CEO sentenced to three months for misusing charity lottery funds

CEO sentenced to three months for misusing charity lottery funds

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A man has been sentenced to three months’ imprisonment for depriving a charity of £285,000 in profits from a lottery run on its behalf.

Simon Rydings, 50, served as CEO of Capen Limited, which operated several charity lotteries, including one run on behalf of the Sheffield Hospitals Charity. In a case prosecuted by the Gambling Commission, Birmingham Magistrates’ Court heard that Rydings had failed to pass the money on to the charity.

Rydings admitted to misusing lottery proceeds (as defined under the Gambling Act 2005) between 1st January 2018 and 31st March 2020. He had apparently used the money to cover administrative costs, to the point where he was unable to pay the full amount back to the charity.

Rydings will now have to pay £1,000 compensation to the charity within 18 months of being released from prison.

Gambling Commission Executive Director Helen Venn said that Rydings had “completely failed” in his duties as the CEO of a licensed company and that he was now “paying the price.”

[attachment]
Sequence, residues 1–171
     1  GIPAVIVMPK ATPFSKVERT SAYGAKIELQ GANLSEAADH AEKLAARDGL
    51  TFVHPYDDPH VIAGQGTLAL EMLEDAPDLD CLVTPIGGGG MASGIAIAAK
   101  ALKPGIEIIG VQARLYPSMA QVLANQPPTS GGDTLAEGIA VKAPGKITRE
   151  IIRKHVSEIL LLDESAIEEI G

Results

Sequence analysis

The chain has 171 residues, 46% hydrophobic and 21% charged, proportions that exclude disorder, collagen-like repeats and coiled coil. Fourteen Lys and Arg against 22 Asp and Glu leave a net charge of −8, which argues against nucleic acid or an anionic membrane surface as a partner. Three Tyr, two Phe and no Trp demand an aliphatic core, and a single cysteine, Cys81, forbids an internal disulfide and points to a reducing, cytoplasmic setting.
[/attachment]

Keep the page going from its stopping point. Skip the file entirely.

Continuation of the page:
Venn commented: “Lotteries in this country can only be run for good causes — charities and other non-commercial organisations who run lotteries rely heavily on the income they receive from lotteries to support the important work they do.”

She further reiterated that the Gambling Commission would “not hesitate to take action against individuals who misuse funds in the way Rydings did.”

In a statement published on the Sheffield Hospitals Charity website, CEO Gareth Aston commented: “We are deeply upset and saddened by the events which have taken place. As a charity, our biggest responsibility and priority is to assist our beneficiaries, and we rely on the wonderful support of the charity to be able to achieve that.

“We welcome the outcome of the case and we will do everything within our power to recover the outstanding funds.”

Although the statement on the website makes it clear that Capen was fully licensed by the Gambling Commission and had passed security checks, Rydings’ company had in fact had its licence suspended last December. 

At the time, the Gambling Commission expressed concerns that “activities may have been carried out contrary to the Gambling Act, not in accordance with a condition of their licence and that the licensee may be unsuitable to carry on the licensed activities.”

The Gambling Commission is currently in the process of reviewing applications for the fourth National Lottery licence, with a decision expected to be reached early next year. Although full details are not publicly available, there is speculation that bids have come in from Italian operator Sisal, Europe-wide operator Sazka and India’s Sugal & Damani, as well as from current operator Camelot, which has managed the lottery since its inception in 1994.

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